Caution: Both the Smart Money and the Dumb Money are Bullish on Stocks

Another indication of rough seas ahead

Bullishness among retail investors jumped to its highest level in seven years, and bearishness dropped to its lowest level in three years, according to the latest American Association of Individual Investors sentiment survey.

Bullish sentiment rose to 59.8%. The last peak in bullishness was 63.3% on December 23, 2010. The 30-year average reading of bullishness is 38.5%.

Bearish sentiment fell to just 15.6%. The last bottom for bearishness was 15.1% on November 6, 2014. The 30-year average reading for bearishness is 30.5%.

Pop Quiz: 

What happens when too many passengers crowd onto one side of the boat? Answer: they face a choice. Stay put and risk drowning as the boat capsizes, or move towards the other side and save yourself.

Of the 1,560 weeks since the AAII survey began there have only been 46 (2.9%) with a similarly bullish reading. What happened to the S&P 500 index over the following 6 months after these extremes in bullishness? The median change was a negligible gain of 0.5%.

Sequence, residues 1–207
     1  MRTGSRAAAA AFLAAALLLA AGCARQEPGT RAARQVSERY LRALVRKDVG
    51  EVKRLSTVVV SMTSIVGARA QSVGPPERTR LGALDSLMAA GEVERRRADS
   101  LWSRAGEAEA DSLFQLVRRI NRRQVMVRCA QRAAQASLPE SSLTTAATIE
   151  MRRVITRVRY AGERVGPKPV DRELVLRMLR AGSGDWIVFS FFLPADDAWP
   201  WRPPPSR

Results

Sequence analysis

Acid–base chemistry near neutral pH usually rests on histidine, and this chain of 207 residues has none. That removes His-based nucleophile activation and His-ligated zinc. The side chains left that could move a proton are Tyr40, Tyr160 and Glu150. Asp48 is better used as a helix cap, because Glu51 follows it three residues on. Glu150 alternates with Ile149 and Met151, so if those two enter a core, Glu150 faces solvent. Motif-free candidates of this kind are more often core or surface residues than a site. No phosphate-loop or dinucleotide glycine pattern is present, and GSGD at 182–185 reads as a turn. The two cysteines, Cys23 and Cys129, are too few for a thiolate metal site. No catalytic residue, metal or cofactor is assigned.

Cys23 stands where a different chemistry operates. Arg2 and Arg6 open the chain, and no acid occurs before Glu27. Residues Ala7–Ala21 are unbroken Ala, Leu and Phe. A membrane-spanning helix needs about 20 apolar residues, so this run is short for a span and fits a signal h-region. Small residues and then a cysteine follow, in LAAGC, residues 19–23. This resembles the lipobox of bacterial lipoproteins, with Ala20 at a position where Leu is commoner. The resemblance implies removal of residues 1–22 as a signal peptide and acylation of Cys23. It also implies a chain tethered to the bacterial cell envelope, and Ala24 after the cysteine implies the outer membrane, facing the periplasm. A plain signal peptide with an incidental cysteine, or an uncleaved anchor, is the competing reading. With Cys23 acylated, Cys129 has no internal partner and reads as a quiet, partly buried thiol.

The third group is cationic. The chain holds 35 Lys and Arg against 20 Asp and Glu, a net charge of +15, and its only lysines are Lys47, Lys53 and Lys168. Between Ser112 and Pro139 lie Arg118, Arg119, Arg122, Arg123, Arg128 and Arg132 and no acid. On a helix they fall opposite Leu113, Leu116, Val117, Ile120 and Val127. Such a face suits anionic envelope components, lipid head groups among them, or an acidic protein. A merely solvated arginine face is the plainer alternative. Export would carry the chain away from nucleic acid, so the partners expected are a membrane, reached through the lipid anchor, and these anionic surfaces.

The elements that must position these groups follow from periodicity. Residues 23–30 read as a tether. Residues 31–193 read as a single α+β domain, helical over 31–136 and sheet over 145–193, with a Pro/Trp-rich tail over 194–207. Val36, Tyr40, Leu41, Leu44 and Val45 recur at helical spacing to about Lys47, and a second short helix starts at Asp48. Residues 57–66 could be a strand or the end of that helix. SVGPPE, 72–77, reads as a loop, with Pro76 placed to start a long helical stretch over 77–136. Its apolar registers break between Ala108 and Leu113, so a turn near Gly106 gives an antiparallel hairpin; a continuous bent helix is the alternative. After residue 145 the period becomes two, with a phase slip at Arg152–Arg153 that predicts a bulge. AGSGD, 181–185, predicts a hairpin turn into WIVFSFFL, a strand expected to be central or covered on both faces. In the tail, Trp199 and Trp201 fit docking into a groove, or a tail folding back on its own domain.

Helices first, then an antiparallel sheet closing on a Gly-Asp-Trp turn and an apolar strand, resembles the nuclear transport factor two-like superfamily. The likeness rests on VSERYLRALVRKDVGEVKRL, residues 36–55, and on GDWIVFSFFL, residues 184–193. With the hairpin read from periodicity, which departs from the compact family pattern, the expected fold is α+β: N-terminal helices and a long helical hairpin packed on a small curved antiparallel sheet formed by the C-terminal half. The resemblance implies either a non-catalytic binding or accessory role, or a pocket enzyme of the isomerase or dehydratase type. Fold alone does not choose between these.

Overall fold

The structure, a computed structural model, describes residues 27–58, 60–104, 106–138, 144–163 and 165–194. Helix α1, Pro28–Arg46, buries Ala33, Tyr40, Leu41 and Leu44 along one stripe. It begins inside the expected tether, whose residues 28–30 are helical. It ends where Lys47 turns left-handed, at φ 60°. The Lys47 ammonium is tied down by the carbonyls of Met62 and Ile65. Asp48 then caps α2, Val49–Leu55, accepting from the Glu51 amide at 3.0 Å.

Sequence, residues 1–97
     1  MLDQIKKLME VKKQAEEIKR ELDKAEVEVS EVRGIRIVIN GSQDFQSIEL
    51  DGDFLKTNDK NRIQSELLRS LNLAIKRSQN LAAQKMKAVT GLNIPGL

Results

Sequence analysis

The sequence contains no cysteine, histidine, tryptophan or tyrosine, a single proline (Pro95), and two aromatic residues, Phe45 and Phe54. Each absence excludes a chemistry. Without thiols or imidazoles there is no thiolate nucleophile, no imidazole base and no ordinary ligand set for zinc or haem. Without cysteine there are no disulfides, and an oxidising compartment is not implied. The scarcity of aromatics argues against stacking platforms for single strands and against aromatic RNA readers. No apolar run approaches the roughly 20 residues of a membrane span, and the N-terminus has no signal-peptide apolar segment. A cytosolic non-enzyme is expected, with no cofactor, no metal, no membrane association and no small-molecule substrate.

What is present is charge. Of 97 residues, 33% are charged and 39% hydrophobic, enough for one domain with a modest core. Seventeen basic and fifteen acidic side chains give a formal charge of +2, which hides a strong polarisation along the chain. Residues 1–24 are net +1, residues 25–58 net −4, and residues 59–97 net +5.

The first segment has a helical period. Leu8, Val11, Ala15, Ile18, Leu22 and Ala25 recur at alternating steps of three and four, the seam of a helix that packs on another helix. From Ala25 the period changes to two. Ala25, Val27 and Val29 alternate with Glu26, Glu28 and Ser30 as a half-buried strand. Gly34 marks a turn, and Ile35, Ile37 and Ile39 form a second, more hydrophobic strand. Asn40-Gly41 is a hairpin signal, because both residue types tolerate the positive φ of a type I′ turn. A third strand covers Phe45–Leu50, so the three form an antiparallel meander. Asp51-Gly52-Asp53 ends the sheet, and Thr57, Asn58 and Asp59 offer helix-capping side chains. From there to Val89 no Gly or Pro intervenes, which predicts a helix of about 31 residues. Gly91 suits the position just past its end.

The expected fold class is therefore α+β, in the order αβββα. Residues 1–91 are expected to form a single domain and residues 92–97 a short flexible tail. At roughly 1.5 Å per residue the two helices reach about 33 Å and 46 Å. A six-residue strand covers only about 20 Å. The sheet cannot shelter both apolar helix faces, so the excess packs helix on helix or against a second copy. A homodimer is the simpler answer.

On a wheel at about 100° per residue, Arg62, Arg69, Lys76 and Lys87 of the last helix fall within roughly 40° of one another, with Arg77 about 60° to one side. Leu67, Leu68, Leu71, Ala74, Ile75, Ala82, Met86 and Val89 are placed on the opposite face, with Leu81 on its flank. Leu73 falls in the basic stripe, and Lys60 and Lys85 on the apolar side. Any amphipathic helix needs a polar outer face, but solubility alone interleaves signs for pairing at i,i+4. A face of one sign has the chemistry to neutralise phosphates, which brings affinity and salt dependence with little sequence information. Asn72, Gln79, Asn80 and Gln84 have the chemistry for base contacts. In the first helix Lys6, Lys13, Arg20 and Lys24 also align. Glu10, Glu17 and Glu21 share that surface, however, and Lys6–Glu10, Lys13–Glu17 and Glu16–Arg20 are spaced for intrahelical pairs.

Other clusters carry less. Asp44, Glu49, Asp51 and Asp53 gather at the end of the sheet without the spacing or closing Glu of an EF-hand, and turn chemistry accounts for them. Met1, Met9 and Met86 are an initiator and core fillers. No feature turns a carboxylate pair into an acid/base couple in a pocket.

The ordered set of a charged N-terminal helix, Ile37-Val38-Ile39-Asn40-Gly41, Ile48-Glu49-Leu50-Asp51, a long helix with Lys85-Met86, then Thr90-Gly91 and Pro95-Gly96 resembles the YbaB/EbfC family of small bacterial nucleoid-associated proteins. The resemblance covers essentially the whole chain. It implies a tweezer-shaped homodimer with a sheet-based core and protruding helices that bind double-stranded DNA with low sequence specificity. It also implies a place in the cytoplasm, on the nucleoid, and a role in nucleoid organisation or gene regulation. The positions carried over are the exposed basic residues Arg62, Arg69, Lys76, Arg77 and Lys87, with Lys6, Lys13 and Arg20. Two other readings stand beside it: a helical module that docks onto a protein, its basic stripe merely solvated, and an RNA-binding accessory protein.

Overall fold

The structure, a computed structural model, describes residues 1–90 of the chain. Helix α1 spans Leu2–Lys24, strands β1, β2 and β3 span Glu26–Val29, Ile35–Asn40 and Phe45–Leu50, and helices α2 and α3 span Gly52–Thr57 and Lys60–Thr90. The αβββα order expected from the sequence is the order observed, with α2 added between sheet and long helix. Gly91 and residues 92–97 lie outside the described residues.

It's too early to abandon ship

Astute investors will take this extreme sentiment reading as an early-warning signal, rather than a "sky is falling" one. It might be a good idea to cut back a little on your equity exposure, but not a lot. Pay attention to other warning signs, like a 5% drawdown from the most recent high-water mark in the market. Or a string of 3 or 4 "lower lows" in a row.

Instead of jumping ship, just put on your life vest and find out where the lifeboats are.

About the Author

Former head of equity trading, Northern Trust Bank, Chicago. Teacher, trainer, mentor, market historian, and perpetual student of all things related to the stock market and excellence in investing.

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